People can be a challenge for artists. Drawing or painting them, and also, coping with (often unsolicited) advice and opinions about our work.
People can also be a gift to artists. All the people who support us by making space and time and resources available to us, offering encouragement, sharing and collecting our artwork, and supporting art in our communities.
And all those people, challenging and supportive, have opinions and advice about your art, too—what you should paint, how it should look and how you should go about creating it. And where and how you should display it or sell it. Some of that is helpful; some, not so much. Every artist has to wrestle with when to listen to outside opinions and when to ignore them.
(And that goes double if you actually dare to put people in your paintings. And triple if they are people you know.)
In what ways do find yourself influenced by comments and opinions of others in choosing what work to create and how to create it (subjects, styles, colors, work habits, etc.)?
Which influences are welcome and helpful (e.g. feedback from a trusted friend, input from a commission client, reports from your gallery on collector’s reactions)?
Which influences are only welcome or helpful under certain circumstances (e.g. not until you ask for input, not until the work is finished, only on certain types of work)?
Which influences do you want to avoid or protect yourself against (e.g. self-proclaimed experts, people who see your art as taking attention they feel you owe to them)?
What structures would you like to put in place to create boundaries that are comfortable for you and allow you to make your work freely, but still receive welcome feedback or influence?
Including some people in your paintings—even tiny figures—can be a powerful tool for directing a viewer’s attention, and for telling a story in a painting.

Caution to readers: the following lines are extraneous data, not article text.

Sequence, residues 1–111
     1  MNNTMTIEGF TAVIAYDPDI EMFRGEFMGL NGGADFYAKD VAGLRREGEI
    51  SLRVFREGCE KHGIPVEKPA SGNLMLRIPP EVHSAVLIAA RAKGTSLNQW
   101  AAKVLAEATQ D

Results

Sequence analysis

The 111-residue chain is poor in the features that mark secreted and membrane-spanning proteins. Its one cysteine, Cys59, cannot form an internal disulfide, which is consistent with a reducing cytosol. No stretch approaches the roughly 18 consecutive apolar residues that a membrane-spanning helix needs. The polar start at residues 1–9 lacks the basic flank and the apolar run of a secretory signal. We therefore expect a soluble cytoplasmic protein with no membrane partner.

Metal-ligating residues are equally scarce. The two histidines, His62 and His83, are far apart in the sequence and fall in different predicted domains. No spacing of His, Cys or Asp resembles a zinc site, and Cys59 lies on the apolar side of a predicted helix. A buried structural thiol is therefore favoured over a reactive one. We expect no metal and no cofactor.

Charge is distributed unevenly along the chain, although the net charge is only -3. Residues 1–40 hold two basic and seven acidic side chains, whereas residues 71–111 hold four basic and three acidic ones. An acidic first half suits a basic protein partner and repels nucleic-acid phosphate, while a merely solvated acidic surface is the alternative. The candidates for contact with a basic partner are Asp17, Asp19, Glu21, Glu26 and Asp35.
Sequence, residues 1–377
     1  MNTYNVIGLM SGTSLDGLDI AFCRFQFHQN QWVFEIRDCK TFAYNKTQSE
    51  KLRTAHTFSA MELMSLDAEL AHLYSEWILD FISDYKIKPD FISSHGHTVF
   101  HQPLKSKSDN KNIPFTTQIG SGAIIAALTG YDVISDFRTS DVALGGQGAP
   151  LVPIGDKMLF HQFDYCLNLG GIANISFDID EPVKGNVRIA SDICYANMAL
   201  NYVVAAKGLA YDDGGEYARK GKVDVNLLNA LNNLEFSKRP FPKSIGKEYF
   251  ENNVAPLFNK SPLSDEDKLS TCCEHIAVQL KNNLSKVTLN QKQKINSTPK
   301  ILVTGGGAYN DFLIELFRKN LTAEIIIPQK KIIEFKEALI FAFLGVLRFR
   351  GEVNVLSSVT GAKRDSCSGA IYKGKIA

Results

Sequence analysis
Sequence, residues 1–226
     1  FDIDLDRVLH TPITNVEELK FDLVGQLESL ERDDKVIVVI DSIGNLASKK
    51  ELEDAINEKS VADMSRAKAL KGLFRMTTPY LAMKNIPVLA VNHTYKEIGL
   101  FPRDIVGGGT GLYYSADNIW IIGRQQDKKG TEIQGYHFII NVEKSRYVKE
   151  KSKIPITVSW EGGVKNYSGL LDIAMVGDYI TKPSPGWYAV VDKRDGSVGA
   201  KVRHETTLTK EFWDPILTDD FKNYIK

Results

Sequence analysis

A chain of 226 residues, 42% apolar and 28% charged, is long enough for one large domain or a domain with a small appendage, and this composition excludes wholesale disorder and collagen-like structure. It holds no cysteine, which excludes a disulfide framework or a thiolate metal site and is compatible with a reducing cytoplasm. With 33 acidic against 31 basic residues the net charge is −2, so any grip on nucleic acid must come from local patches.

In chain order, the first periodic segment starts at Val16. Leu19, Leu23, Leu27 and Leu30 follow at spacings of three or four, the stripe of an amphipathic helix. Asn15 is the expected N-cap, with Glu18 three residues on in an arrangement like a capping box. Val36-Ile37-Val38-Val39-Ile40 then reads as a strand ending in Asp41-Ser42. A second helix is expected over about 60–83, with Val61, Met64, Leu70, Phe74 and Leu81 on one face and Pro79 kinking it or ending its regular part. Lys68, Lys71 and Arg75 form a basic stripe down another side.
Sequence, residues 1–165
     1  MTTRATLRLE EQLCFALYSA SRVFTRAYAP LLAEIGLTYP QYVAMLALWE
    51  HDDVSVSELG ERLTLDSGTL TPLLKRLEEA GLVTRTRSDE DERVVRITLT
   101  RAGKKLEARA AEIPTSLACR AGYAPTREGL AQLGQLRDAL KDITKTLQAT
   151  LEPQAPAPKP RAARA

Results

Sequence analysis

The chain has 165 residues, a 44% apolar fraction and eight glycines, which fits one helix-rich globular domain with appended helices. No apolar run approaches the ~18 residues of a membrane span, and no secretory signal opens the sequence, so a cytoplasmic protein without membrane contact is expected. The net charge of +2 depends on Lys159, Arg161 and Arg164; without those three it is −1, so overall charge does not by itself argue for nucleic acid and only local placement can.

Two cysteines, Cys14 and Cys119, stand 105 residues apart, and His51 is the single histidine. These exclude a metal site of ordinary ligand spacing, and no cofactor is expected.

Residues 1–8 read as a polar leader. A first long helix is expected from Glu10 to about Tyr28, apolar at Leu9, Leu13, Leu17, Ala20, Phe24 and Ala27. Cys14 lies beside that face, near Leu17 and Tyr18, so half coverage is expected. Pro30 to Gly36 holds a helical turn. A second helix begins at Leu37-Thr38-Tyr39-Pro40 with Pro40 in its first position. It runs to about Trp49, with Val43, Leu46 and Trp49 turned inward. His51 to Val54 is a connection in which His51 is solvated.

Painting people has a reputation for being difficult. This is true, in a sense, but not because it’s harder to make human shapes than, say, tree shapes or building shapes. It’s just that, since other people are so important to us, we have an innate ability to detect small variations in human shapes and features. We don’t paint people wrong any more often than we paint individual trees wrong. It’s just much, much easier for us to see when we paint people wrong.
But the funny thing is, we can also paint people pretty wrong and have them be recognizable as people, and even tell what those people shapes are supposed to be thinking and doing. Think of all the weirdly drawn cartoons and children’s book characters and human figures in other forms of illustration that you can interpret perfectly well. Also, how recognizable caricatures are, even though they wildly distort the subject’s features.
So, what’s going on here? It’s actually easier to paint people than you thought! The trick is to figure out which things are important (some indication of a head and body? knees that bend in normal ways?) and where you can take a lot of liberties (hair? noses? proportions?).
Today’s activity is to play with making people shapes. Start a “page of poses” to collect little human figures in various poses to put in your paintings. Or to practice drawing or sketching people around you.
Or start collecting ways that other artists, cartoonists and illustrators have suggested simple human figures. Try different ways of distorting people-shapes to make some stylized people of your own. And then, if you find some that you like, maybe try to make some companion “elements”—trees, furniture, cars, household items—in a matching style.